The compact was ratified by Montana just over one year ago. It emerged as one of the most controversial bills of the Montana Legislature’s 2015 session, with committee hearings attracting bitter opposition from hundreds of citizens from the western part of the state.
Opponents in the Legislature last year criticized the bill’s supporters for arguing that because the compact was a previously negotiated settlement between three parties, any amendments to the bill at the state level would require negotiations to start fresh.
However, Tester said during the media call that some changes could be made by Congress without the process starting over.
“They’ve got to be changes that are very, very minor, and with any changes we will be in contact with the state and the tribe and the water compact commission,” Tester said, adding that significant alterations could kick the bill back to the state for ratification again. “I don’t want to do that, but that doesn’t mean we can’t tweak a couple things as we go along and stay with the intent of the state of Montana.”
Those tweaks could include minor changes to language and dollar amounts, and he noted that the water compact for the Blackfeet Tribe also was modified slightly at the federal level.
The compact for the tribes on the Flathead Indian Reservation was the last of seven tribal water rights compacts passed by Montana.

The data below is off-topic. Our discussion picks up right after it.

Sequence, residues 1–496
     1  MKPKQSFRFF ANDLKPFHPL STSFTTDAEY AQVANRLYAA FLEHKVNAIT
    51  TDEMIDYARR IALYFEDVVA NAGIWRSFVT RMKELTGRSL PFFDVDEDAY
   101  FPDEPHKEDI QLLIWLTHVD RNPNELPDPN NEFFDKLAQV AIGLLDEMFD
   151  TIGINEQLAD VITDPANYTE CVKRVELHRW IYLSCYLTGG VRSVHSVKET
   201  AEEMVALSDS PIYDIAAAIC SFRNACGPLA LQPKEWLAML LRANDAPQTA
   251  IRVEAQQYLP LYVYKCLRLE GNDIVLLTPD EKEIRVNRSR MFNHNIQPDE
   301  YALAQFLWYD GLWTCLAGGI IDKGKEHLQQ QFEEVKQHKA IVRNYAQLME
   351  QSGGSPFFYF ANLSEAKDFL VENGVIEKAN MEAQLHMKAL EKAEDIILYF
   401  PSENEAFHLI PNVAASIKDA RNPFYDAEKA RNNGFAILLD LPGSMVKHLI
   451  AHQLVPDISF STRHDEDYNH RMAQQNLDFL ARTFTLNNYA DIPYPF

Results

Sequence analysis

Four of the others have been ratified by all three parties, while the compacts for the Blackfeet Tribe as well as tribes on the Fort Belknap Reservation still await federal approval.
Montana ratified the Fort Belknap compact in 2001 and the Blackfeet compact in 2009.
On Tuesday, Zinke announced an apparent step forward for the Blackfeet compact after the House Natural Resources Committee held hearings on the bill for the first time since its introduction five years ago.
Opponents to the compact for the Confederated Salish and Kootenai Tribes have vowed to continue fighting against the agreement at the federal level and are currently challenging the state’s ratification in court.
The Flathead Joint Board of Control filed the lawsuit shortly after the bill was signed into law by Gov. Steve Bullock in April 2015.
The suit alleges that the bill effectively granted new legal immunities to the state that would require approval by two-thirds of the Legislature’s two houses rather than the simple majority that voted in favor of the compact.
Tester acknowledged the ongoing legal challenge, but said introducing the bill was just the first step in a long process.
“We have to more forward. If we wait for it to be a perfect storm before we move forward, it’s never ever going to happen,” he said. “This is a piece of legislation that has a lot of components to it and this is a piece of legislation that as soon as we start talking about it, the sooner we can get things done.”
If Congress ratifies the water compact, it would still require the approval of the Confederated Salish and Kootenai Tribal Council before being codified by a decree of the Montana Water Court.
Reporter Sam Wilson can be reached at 758-4407 or by email at email@example.com.